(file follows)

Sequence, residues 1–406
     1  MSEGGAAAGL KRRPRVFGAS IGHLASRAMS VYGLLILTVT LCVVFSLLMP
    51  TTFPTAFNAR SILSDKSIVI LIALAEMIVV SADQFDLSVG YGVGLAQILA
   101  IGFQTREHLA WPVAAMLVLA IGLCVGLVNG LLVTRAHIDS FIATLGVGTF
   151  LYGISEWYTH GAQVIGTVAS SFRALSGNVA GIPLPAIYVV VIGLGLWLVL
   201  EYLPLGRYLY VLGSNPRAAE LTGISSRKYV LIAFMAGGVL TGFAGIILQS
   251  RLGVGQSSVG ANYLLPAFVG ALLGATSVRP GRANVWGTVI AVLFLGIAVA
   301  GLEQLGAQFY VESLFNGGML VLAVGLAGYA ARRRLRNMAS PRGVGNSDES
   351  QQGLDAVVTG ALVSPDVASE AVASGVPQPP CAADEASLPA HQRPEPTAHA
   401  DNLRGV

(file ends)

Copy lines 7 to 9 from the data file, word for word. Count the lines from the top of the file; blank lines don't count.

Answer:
   251  RLGVGQSSVG ANYLLPAFVG ALLGATSVRP GRANVWGTVI AVLFLGIAVA
   301  GLEQLGAQFY VESLFNGGML VLAVGLAGYA ARRRLRNMAS PRGVGNSDES
   351  QQGLDAVVTG ALVSPDVASE AVASGVPQPP CAADEASLPA HQRPEPTAHA